Editorial: The GOP isn’t the healthcare party

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Editorial: The GOP isn’t the healthcare party

President Donald Trump participates in a health care roundtable event in the Roosevelt Room of the White House Jan. 23 in Washington, D.C. Trump announced Tuesday that he wanted to make the GOP the party of health care.

President Donald Trump participates in a health care roundtable event in the Roosevelt Room of the White House Jan. 23 in Washington, D.C. Trump announced Tuesday that he wanted to make the GOP the party of health care.

Olivier Douliery | TNS

President Donald Trump participates in a health care roundtable event in the Roosevelt Room of the White House Jan. 23 in Washington, D.C. Trump announced Tuesday that he wanted to make the GOP the party of health care.

Olivier Douliery | TNS

Olivier Douliery | TNS

President Donald Trump participates in a health care roundtable event in the Roosevelt Room of the White House Jan. 23 in Washington, D.C. Trump announced Tuesday that he wanted to make the GOP the party of health care.

By The Pitt News Editorial Board

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President Donald Trump announced Tuesday that he wanted to make the GOP the party of health care.

If that sounds unconvincing, it’s because the declaration came a day after the administration filed a case with a federal appeals court calling for the entire Affordable Care Act to be struck down. Getting rid of the ACA and Trump’s statement are both mistakes that will hurt both the American people and Trump’s reelection bid in 2020.

In the appeals court filing, the Justice Department agreed with a federal judge in Texas who ruled the law was invalid. This is different from the administration’s previous stance on the matter, when it claimed only the community rating rule and the guaranteed issue requirement were illegal, but the rest of the law was valid. The community rating rule prohibits insurers from varying premiums based on factors such as age, gender or health, and the guaranteed issue requirement ensures protections for people with preexisting conditions.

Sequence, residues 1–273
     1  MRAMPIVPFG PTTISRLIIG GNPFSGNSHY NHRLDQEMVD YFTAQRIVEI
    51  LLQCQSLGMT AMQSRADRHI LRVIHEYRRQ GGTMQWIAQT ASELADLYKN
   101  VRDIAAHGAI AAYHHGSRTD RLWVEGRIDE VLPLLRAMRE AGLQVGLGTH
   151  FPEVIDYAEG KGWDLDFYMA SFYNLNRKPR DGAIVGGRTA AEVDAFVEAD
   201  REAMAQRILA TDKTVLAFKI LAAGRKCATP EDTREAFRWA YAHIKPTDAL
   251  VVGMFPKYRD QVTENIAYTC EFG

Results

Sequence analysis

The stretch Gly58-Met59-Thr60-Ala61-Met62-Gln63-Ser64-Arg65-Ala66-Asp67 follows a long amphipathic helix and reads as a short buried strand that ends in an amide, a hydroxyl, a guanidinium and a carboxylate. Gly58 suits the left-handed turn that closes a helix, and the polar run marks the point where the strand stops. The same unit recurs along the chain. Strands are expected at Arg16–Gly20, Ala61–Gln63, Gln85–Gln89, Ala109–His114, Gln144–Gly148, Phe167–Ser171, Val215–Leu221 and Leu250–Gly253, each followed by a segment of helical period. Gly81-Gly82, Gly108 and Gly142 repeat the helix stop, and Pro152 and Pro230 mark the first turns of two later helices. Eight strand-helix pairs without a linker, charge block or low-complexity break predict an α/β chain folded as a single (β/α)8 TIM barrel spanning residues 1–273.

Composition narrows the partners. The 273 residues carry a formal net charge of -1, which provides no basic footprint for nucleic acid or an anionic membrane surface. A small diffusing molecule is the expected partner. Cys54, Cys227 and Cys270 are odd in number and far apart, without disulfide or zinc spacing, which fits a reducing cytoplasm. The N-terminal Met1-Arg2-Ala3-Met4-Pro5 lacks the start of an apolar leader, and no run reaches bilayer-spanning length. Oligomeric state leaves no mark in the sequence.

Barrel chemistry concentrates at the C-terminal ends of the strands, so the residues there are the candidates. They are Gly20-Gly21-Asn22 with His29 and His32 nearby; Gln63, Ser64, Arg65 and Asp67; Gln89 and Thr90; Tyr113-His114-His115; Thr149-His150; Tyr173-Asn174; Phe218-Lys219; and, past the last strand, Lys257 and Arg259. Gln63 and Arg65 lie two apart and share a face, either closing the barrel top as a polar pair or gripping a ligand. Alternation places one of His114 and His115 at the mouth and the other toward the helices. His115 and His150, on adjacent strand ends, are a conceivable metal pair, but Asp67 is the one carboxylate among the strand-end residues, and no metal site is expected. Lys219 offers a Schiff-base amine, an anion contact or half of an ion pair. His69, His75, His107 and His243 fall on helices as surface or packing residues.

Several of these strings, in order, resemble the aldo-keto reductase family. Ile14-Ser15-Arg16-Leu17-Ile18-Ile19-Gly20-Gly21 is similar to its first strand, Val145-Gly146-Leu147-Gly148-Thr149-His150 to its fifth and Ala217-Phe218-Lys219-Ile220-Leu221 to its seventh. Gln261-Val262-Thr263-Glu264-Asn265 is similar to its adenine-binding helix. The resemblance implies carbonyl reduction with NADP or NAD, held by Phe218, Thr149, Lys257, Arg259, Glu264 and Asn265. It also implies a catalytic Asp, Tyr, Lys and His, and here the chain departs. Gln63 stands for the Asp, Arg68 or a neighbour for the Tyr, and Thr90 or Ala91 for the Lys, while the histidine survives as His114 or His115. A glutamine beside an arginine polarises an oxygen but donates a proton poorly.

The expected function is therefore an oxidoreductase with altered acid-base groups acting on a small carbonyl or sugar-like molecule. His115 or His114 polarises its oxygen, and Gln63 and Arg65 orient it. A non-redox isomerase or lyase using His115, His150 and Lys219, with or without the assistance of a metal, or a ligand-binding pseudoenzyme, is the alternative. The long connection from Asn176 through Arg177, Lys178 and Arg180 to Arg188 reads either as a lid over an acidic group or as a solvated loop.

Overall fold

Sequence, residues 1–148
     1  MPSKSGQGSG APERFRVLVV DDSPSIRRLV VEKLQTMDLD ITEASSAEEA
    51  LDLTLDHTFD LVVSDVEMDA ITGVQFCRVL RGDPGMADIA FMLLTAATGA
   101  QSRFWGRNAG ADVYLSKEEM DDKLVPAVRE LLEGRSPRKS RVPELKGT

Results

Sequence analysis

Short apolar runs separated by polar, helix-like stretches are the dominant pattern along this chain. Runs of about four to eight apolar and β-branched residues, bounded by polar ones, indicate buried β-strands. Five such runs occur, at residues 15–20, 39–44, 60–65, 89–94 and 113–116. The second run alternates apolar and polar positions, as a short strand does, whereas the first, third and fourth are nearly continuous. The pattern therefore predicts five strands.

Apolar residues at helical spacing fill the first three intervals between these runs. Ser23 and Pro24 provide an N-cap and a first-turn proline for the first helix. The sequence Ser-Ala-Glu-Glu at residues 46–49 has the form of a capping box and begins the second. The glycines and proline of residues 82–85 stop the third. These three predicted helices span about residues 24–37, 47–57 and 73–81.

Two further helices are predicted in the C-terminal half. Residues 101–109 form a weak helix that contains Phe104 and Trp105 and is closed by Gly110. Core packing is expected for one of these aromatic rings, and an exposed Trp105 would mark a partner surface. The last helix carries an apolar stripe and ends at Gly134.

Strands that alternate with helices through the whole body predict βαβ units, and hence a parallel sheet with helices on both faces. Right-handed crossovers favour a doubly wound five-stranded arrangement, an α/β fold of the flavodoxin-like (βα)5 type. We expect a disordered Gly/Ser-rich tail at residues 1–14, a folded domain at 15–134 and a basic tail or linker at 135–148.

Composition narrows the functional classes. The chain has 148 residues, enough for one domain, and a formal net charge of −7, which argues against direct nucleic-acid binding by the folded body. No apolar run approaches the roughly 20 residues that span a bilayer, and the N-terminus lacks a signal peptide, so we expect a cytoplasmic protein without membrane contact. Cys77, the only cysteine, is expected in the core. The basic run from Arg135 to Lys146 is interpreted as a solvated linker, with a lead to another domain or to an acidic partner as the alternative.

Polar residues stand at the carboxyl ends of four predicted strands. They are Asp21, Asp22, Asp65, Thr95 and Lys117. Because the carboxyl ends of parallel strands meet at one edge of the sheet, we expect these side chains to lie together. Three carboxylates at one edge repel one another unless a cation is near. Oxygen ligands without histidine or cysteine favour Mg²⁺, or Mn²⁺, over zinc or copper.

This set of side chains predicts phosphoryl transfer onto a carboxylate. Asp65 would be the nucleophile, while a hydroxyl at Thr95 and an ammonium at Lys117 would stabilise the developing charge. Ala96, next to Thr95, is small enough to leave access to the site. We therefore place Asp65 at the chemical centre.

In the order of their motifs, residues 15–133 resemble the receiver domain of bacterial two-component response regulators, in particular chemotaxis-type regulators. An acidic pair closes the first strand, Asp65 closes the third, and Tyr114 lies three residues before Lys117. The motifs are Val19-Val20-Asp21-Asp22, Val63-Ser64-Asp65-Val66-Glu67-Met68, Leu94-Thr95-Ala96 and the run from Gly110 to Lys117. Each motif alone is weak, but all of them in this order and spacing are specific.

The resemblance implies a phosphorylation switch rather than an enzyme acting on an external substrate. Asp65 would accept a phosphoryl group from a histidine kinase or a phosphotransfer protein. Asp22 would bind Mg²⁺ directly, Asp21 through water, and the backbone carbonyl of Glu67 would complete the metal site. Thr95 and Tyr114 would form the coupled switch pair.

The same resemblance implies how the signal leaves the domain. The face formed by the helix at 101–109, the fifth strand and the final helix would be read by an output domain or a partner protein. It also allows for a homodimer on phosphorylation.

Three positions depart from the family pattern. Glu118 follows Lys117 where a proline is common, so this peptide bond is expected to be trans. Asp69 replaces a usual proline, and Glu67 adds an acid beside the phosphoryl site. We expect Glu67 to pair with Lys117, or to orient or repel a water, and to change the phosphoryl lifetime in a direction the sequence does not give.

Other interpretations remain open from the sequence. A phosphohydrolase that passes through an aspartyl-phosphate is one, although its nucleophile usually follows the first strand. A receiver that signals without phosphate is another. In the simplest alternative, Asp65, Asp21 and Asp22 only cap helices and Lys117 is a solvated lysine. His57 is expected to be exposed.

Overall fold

These are just two of the many facets of the ACA that have benefited Americans and that the Trump administration wants to remove. Since the ACA was passed in 2010, 20 million people have gained health insurance. Children can now stay on their parents’ health care plan until the age of 26. By 2020, the ACA will have phased out of the Medicare “donut hole” that cost seniors out of pocket for prescription drugs within a certain limit. Additionally, chain restaurants and vending machines now have to provide nutrition information.

But Trump wants to get rid of all these benefits and more, and he hasn’t put forward a plan to replace what Americans would lose — further proof that the GOP isn’t the party of health care. And if it continues to push for eliminating the ACA, it can’t be.

Republicans battled against former President Barack Obama when he was first trying to get the law passed, and they haven’t eased up in their criticisms of it. Rep. John Fleming, R.-La., even called it “the most dangerous piece of legislation ever passed in Congress” in 2013. But since then, they’ve supported the portion of the ACA that protects those with preexisting conditions, one of the most popular features of the law.

This puts Republicans in a difficult situation, stuck between supporting their president and upholding their claims during the 2018 midterm elections of wanting to save the preexisting conditions portion.

Trump already attempted to get rid of the ACA and replace it with his own health care plan, which notably would not have protected those with preexisting conditions from higher premiums. It also would have allowed insurers to provide fewer health benefits than the ACA did, which speaks volumes about Republicans’ mentality on this point.

Because even if Trump comes up with another replacement plan that Congress passes, the GOP certainly can’t call itself the party for health care.

 

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